2
Treading Water: Cuba's Economic and Political Crisis

Andrew Zimbalist

The historical conditions that allowed for the survival of a socialist state just ninety miles from the world's largest and most powerful capitalist state have changed. There is no longer a protective socialist community to buffer Cuba from the ravages of the U.S. embargo. The institutions of Cuba's socialist state already have been transformed and the economy is moving toward a mixed system.

The proximate cause of Cuba's present predicament is not hard to identify. Cuba has a small and heavily trade-dependent economy. In the presence of the U.S. embargo, Cuba came to depend on the former Soviet trade bloc ( CMEA) for over four-fifths of its imports. Without access to the U.S. market, with access to other markets restricted, and with imports from the former CMEA countries reduced by over three-fourths, Cuba's economy and its people are struggling to survive.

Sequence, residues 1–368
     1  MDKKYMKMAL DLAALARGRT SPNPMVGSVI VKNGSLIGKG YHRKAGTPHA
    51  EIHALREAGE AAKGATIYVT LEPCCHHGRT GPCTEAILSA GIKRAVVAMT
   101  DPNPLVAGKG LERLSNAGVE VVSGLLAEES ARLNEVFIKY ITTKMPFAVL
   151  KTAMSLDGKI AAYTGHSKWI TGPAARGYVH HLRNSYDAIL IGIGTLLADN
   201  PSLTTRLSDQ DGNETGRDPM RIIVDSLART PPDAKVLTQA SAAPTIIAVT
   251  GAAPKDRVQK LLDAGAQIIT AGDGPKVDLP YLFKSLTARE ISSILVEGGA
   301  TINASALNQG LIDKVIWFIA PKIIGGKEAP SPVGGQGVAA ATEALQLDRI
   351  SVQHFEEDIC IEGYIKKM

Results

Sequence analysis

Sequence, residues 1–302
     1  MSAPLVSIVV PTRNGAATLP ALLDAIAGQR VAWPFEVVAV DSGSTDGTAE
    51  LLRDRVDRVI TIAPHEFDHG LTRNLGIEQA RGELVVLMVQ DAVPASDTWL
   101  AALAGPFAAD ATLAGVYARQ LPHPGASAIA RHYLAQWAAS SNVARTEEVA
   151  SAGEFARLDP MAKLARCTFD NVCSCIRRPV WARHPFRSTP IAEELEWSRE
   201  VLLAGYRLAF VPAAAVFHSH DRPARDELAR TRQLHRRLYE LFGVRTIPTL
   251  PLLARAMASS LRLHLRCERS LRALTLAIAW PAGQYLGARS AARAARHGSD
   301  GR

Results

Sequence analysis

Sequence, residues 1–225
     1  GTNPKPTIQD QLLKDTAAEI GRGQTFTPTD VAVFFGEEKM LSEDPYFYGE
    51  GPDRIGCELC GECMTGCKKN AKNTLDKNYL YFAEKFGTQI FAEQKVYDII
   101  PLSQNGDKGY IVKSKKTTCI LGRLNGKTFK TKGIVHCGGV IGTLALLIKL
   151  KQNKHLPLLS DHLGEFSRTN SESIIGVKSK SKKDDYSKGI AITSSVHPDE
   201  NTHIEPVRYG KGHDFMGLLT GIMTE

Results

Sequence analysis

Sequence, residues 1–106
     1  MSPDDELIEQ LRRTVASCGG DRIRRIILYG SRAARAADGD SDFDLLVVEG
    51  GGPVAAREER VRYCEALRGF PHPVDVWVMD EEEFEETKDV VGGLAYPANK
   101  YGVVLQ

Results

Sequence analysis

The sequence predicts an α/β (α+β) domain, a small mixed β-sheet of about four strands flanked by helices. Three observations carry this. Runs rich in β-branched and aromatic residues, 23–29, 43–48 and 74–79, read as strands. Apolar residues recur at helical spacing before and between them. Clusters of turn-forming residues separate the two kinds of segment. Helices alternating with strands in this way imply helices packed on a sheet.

The government's response to the crisis has been deliberate but inadequate. A number of reforms initiated prior to 1989 are being continued, 1 while others are being accelerated and some new programs are being put in place. The new emphasis on foreign investment and tourism, structural reforms in the operation of foreign trade, and the impossibility of central planning in the presence of ubiquitous supply uncertainties have combined to transform the nature of Cuba's economic mechanism. Despite the promise of some extension of private enterprise and the market in the service sector, however, the needed and more concerted introduction of a broader market mechanism has not been forthcoming.


CUBA'S TRADE DEPENDENCY

Similar to other small economies, Cuba has always been very trade dependent. Indeed, during 1987-89, Cuba's imports as a share of its Ingreso

-7-

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